Shark monitors all network activity on your device (presumably from all interfaces) and outputs a .pcap file. Unfortunately there is no live feed of the log being generated, and currently no app which can read a .pcap file is available on Android. But, this is still a beta and those features may eventually materialize.

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Thursday, February 6, 2014

How to Recover When your Android Device is Caught in a Bootloop


“Bootloop” is a very familiar term for smartphone users whatever OS they use, but it is definitely more familiar to Android phone users. Android being an Open Source operating system, is open to third party modifications. If you have a basic or advanced knowledge of Linux coding, you can develop a custom ROM or a modify a system file of your Android phone. Such openness has opened vistas for our great developers to cook ROMs, mods and hacks. It has enriched our experience with our phones at one hand, and posed a few problems like bootloop or a bricked phone in rare cases.
Most of phone-freaks like me spend their days doing nothing but trying almost all custom ROMs and mods available out there to tell other what is good for them. In doing so we often face a bootloop but that is not to say that only the third-party ROMs and mods are responsible for the problem. In most cases, however, it is some incompatible file imposed from outside that hinders the system files to work normally, resulting in a bootloop.
Thus, bootloop is a situation where the Android smartphones refuses to boot normally. There’s something wrong with the Android device, which is preventing it from completing the boot cycle and is stuck between the boot animation and the unlock screen. Bootloop is mainly caused when system files interfere with each other, causing instability, and crashes at the boot sequence.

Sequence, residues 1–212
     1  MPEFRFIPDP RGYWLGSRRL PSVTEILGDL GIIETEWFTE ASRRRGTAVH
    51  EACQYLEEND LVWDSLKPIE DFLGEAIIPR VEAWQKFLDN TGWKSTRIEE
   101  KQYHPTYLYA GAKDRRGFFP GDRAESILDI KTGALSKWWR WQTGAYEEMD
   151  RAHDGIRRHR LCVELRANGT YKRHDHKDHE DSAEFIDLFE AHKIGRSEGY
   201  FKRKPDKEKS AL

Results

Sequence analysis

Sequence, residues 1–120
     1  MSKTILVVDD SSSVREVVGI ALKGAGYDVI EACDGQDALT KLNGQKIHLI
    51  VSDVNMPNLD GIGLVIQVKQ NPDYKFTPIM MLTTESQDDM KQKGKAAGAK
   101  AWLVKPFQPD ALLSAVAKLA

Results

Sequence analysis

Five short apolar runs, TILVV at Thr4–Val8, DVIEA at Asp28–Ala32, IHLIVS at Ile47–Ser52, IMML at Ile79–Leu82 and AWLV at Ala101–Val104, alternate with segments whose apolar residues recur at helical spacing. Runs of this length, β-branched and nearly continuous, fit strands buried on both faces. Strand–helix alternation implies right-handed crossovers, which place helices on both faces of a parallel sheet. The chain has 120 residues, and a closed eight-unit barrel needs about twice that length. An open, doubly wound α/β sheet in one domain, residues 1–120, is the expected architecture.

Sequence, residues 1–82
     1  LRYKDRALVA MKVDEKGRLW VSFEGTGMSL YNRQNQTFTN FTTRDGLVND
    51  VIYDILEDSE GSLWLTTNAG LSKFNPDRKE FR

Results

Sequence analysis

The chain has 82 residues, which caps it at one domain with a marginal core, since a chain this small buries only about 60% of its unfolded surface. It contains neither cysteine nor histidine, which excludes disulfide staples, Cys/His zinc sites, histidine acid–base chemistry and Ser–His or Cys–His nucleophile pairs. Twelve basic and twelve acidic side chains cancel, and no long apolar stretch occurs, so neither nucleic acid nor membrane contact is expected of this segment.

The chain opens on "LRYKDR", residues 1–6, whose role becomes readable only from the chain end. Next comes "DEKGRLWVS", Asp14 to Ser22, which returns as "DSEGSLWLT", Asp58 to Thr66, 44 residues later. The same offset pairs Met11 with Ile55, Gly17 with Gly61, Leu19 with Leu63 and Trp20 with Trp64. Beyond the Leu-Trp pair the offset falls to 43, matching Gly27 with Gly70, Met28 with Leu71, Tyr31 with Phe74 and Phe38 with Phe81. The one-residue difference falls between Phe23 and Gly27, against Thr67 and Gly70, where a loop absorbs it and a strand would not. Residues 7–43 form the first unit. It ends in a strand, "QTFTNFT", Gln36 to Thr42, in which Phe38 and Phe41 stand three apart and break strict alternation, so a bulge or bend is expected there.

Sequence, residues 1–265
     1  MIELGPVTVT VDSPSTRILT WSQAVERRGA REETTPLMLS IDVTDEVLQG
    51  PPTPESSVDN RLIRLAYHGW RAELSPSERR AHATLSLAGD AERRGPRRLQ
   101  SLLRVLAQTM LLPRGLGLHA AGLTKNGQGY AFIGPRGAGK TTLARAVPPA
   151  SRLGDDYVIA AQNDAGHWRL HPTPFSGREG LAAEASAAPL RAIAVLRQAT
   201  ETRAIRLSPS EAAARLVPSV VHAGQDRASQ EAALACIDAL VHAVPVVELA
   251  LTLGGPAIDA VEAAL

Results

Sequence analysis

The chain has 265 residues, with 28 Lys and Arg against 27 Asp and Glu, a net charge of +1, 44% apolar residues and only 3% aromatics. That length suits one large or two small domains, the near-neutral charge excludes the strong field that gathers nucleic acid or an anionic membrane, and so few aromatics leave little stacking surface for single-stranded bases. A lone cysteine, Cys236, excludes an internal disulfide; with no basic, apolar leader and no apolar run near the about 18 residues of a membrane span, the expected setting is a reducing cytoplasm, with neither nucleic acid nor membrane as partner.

While getting a bootloop on an Android phone is not a serious concern for an advanced user, it is surely enough to make a newbie or a noob tremble a little. Very often an average user begin to wonder if his phone is bricked or dead. In the present article I shall try to share with you some solutions that might help you recover your Android device from a bootloop.

Precautions to Avoid and Prevent Data Loss:

Bootloop is definitely one of the most undesirable situations a smartphone user can get into. It is shocking enough to make a new or basic user believe that he/she has bricked the device. It is true that in most cases you can recover your device to normal state but if you take precautionary steps, you could avoid it. Prevention is always better than the cure!
However, precautions cannot guarantee that you device is bootloop-proof. Therefore, it is also necessary that you always keep your phone’s data backed up. Remember, if your device gets into a bootloop, there are 90% chances that you will loose all your data, apps, settings and files stored on the internal SD of your device.

Things to be taken care of:
  • Before installing any stock or custom ROM, do not forget to confirm that it is made for your device and, more important, the same model number.
  • Before installing any custom Kernel, mod, patch or ROM, do not forget to backup your ROM
  • Also backup your phone’s apps, games, contacts, messages or any important data to an external storage- memory card, USB storage or your computer.
  • Avoid installing apps from outside Play Store and only those that are compatible with your device.
  • If your device is not rooted, you can use the official PC Suite from your device manufacturer.
Read the following tutorials for backing up your Android device’s data backup,  precautionary steps and troubleshoot.
Things to Do Before and After Installing Custom ROMs
Best Backup Apps to Keep Your Phone’s Data Safe